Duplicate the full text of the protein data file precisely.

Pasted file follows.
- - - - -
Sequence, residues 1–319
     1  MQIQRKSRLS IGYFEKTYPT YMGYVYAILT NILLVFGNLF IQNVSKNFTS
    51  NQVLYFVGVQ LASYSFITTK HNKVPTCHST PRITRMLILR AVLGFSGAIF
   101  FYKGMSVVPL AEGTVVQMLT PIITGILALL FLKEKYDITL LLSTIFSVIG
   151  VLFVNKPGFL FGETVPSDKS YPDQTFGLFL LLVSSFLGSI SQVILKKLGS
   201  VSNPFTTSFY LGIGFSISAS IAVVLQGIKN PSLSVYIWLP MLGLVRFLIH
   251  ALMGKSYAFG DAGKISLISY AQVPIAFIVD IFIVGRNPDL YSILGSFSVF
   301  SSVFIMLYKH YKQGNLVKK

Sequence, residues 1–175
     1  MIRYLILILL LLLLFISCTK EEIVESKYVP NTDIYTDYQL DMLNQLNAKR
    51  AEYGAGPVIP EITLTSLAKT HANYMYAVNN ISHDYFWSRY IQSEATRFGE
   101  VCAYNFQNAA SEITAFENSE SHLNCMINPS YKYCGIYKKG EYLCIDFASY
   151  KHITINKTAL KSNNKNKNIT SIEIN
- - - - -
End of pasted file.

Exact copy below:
Sequence, residues 1–319
     1  MQIQRKSRLS IGYFEKTYPT YMGYVYAILT NILLVFGNLF IQNVSKNFTS
    51  NQVLYFVGVQ LASYSFITTK HNKVPTCHST PRITRMLILR AVLGFSGAIF
   101  FYKGMSVVPL AEGTVVQMLT PIITGILALL FLKEKYDITL LLSTIFSVIG
   151  VLFVNKPGFL FGETVPSDKS YPDQTFGLFL LLVSSFLGSI SQVILKKLGS
   201  VSNPFTTSFY LGIGFSISAS IAVVLQGIKN PSLSVYIWLP MLGLVRFLIH
   251  ALMGKSYAFG DAGKISLISY AQVPIAFIVD IFIVGRNPDL YSILGSFSVF
   301  SSVFIMLYKH YKQGNLVKK

Sequence, residues 1–175
     1  MIRYLILILL LLLLFISCTK EEIVESKYVP NTDIYTDYQL DMLNQLNAKR
    51  AEYGAGPVIP EITLTSLAKT HANYMYAVNN ISHDYFWSRY IQSEATRFGE
   101  VCAYNFQNAA SEITAFENSE SHLNCMINPS YKYCGIYKKG EYLCIDFASY
   151  KHITINKTAL KSNNKNKNIT SIEIN